At a recent evening group at the Monastery I heard myself say, “Let’s make 2019 the year we are able to articulate clearly how to recognize when we’re identified with ego, when we’re experiencing ourselves as an illusion of being separate from Life.” One of the monks said, “I think we already have that. You wrote a blog about it a few years ago. I can’t remember what the blog was called, but I’m sure it exists.”
Around the same time, while reviewing the Daily Peace Quotes I came across one by Thich Nhat Hahn that goes something like this: The moment of enlightenment for the wave is when it realizes it’s water, and its fear of death vanishes. When I looked it up, there were lots of references to the wave realizing it’s the ocean, but that is a very different point. He referred to the wave and the ocean of everything but not simply the wave and the ocean. Not that I could find anyway.
The difference between “the wave realizes it’s the ocean” and “the wave realizes it’s water” is everything.
How could the wave realize it’s identified with ego? (Stay with me, please.) There are several places that could happen.
- The wave is just rolling along, waving along, immersed in the life of a wave, not much concerned about where it came from or where it’s going. It has heard rumors about “crashing on the shore,” but having had no experience of such a thing, and despite a little anxiety, there’s a sense of “probably won’t happen to me.”
- The wave encounters some obstacles, rocks and reefs, etc., that break up its run and there’s a lot of, “I don’t like this, why is this happening to me” grumpiness.
- Time goes by and the wave has a growing sense of déjà vu. This whole thing feels very old and familiar. Other waves support this. “Yeah, there are always waves, we’re waves, we’ve always been waves, wave is just what we do.”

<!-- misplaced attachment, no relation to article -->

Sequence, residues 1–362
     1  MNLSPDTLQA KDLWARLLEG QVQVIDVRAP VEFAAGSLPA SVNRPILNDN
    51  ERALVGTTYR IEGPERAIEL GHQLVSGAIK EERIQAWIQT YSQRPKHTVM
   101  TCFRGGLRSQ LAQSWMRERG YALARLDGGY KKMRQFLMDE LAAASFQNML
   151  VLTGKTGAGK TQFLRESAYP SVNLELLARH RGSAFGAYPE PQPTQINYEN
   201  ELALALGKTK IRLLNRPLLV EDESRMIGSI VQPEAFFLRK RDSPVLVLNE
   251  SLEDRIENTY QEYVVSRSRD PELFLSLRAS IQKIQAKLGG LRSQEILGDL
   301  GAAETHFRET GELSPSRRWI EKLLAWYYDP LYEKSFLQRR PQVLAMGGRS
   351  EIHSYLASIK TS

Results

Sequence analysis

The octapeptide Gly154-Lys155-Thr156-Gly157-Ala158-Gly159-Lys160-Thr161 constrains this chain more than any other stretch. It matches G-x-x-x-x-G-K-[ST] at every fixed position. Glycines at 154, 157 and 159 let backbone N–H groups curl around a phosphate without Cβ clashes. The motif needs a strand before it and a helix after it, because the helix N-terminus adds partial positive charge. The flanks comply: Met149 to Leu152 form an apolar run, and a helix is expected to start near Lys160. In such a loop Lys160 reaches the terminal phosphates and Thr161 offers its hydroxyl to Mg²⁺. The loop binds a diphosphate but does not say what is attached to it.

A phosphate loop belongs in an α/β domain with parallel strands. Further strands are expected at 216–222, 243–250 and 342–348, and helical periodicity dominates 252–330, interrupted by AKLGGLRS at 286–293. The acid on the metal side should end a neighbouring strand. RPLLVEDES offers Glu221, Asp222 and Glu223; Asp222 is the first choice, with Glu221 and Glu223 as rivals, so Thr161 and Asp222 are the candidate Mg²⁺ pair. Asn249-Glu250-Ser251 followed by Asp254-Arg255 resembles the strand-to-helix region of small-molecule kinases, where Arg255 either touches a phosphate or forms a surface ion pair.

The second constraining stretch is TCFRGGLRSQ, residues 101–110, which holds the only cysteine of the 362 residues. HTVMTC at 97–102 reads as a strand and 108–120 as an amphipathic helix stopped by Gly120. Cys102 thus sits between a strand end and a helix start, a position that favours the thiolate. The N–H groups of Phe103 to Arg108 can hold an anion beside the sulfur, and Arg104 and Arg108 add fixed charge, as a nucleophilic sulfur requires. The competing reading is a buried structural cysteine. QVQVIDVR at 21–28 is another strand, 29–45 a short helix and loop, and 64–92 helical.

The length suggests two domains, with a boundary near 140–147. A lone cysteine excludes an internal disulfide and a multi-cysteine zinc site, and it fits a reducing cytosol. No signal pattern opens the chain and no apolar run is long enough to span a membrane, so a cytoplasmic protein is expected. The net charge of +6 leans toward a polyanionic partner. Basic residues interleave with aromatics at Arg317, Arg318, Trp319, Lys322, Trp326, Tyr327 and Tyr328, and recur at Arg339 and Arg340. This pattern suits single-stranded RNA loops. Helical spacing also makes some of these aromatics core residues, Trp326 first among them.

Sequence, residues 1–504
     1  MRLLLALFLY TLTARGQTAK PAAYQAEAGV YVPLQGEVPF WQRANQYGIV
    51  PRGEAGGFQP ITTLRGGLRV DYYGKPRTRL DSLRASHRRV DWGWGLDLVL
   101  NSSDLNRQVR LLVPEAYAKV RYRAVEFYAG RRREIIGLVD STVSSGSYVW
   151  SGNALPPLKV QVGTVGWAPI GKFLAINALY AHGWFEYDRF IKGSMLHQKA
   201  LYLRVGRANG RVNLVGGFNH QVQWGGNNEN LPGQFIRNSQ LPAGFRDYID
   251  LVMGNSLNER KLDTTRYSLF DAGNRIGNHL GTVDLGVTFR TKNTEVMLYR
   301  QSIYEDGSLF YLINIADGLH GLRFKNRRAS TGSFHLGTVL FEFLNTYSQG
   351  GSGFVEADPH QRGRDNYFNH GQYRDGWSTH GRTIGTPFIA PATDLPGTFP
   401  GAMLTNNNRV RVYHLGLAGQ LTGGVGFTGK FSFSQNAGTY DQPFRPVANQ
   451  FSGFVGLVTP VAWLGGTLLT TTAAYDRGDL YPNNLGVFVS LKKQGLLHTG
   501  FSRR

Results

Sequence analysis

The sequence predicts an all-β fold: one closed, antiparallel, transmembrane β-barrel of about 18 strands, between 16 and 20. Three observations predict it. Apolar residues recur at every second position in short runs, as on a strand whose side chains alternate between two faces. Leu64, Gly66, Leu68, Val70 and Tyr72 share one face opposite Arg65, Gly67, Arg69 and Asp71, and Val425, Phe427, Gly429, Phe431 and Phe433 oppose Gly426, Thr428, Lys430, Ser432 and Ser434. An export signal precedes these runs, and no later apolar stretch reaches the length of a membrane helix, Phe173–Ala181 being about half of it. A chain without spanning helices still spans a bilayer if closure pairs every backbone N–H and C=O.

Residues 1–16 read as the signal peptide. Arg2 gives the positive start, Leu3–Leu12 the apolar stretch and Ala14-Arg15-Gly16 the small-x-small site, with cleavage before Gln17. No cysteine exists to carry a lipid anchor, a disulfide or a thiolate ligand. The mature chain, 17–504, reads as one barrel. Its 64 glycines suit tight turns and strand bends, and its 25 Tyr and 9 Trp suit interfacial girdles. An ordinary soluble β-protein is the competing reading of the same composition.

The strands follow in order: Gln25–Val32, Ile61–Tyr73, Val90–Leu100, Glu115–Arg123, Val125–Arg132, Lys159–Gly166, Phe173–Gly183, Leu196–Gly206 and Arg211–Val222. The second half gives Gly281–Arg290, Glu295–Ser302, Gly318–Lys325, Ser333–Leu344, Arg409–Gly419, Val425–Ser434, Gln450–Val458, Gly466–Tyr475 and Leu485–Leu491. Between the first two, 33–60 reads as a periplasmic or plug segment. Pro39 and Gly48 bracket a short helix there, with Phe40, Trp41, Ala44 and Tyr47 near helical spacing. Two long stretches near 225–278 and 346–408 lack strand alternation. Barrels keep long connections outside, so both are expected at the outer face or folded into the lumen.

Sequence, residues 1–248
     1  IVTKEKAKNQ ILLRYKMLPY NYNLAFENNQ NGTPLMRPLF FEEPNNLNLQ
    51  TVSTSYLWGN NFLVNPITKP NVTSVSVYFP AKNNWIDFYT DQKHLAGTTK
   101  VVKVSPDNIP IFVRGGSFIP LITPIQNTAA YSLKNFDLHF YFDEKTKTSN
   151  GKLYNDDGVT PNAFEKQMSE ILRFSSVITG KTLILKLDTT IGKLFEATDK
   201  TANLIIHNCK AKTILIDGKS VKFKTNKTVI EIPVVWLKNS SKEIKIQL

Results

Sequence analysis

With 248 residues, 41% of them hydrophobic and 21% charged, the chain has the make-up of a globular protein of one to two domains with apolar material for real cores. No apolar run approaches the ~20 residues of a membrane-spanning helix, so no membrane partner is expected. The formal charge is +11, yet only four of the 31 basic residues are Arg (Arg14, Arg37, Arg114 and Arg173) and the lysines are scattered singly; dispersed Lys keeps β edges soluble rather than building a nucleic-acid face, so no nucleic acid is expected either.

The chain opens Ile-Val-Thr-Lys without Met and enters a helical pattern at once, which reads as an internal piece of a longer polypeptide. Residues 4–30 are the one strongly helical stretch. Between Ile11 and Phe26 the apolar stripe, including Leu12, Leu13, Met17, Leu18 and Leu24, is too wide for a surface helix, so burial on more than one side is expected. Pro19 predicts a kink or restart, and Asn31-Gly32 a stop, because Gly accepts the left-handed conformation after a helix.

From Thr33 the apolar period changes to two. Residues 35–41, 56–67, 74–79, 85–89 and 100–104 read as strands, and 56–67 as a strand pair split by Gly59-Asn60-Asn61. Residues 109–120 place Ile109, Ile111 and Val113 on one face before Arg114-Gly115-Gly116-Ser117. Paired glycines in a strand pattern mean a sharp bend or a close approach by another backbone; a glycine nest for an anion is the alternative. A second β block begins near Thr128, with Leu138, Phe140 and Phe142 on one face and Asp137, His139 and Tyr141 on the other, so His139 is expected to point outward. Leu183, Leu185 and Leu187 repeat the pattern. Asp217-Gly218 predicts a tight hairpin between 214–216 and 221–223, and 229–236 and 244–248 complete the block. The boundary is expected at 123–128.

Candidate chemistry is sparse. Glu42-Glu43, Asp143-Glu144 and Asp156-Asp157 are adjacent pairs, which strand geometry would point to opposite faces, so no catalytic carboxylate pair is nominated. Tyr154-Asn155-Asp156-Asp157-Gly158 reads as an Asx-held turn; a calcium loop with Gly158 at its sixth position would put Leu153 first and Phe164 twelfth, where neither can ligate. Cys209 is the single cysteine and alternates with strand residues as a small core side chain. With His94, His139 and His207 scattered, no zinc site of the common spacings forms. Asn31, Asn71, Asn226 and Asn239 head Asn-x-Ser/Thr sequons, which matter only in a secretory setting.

- Wave continues to roll along and, one day, right up there at the top, a great view of everything forever, and an insight drops in—I’m part of the ocean!
- Focused on returning to that great view of vastness, the wave looks around and sees, “I am not the ocean, the ocean is me.”
- “This is great,” thinks the wave. “I love awareness! I wonder what else it’s possible to see.”
- Rolling along, all senses tuned, fully alert, awake, aware…. It drops in. “I am water.”
No…. “Water is me.”
Currently, this little wave is engaged in writing The Communication Book. I adore the process. The only process that fully competes for that “favorite” title is email classes. Why? Because, immersed in those activities there is constant awareness of Life animating. I sit, put my hands on the computer keys, and which key to depress is clear to me. Sometimes there’s a whole sentence or a way to move things around or a point that needs to be clarified that appears in my head. Sometimes it’s more like taking dictation.
Does this mean I think everything that “comes out” is good? I don’t see thinking about that as my job. My job, my delight, is showing up and putting my fingers on the keys.
There are other aspects of what I do that I also adore: workshops and retreats, radio shows, group discussions. But sometimes, when it’s time to do those things, I don’t want to. Never the writing; just the “in person” activities. Maybe I’m tired. I don’t feel particularly inspired.
As I was looking at that difference, it dropped in! That’s it. That’s being identified with the wave as part of the ocean! As the wave, even with awareness of being a part of the ocean, there’s enough “separate self” identification to be seeing Life from “other” rather than “oneness.” And while there’s nothing wrong with it, that “other” cannot have an experience of oneness. The separate self, what experiences itself as other than the water, is simply incapable of “knowing” water.
This explains why as soon as the activity is over I’m aware of loving it. The “fingers were on the keys” and “I” was joyfully seated at the feet of All That Is. The wave knows that “the water is all of me,” and sometimes that knowing dissolves into water.